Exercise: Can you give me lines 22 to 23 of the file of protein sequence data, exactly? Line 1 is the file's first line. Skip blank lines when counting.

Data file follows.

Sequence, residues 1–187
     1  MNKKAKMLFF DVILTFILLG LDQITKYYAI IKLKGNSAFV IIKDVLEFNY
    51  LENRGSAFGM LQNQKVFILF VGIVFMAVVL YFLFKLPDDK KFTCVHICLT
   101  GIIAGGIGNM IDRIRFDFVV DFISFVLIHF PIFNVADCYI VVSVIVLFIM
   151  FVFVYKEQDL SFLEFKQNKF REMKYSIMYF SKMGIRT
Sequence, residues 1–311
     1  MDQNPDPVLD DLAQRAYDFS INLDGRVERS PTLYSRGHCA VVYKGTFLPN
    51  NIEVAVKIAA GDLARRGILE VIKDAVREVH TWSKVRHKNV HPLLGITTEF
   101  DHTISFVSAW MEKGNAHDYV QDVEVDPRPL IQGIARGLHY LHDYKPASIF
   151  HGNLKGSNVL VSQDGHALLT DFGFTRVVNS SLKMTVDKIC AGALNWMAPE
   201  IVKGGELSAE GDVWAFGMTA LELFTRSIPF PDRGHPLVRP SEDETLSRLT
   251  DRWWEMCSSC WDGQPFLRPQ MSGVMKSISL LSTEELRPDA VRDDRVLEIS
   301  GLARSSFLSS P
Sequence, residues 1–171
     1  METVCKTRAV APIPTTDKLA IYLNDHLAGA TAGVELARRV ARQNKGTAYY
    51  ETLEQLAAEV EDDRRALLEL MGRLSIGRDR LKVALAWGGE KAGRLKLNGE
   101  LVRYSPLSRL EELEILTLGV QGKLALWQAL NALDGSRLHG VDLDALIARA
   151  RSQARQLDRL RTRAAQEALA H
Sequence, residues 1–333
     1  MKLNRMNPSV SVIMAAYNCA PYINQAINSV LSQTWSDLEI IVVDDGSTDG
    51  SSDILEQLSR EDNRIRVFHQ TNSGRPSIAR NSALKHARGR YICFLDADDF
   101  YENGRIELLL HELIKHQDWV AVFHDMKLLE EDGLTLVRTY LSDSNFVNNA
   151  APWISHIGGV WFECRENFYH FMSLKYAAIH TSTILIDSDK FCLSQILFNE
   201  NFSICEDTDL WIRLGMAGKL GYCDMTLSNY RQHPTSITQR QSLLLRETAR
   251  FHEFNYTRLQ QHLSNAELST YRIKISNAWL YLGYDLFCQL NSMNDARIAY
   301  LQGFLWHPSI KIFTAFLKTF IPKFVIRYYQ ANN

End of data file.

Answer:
   101  YENGRIELLL HELIKHQDWV AVFHDMKLLE EDGLTLVRTY LSDSNFVNNA
   151  APWISHIGGV WFECRENFYH FMSLKYAAIH TSTILIDSDK FCLSQILFNE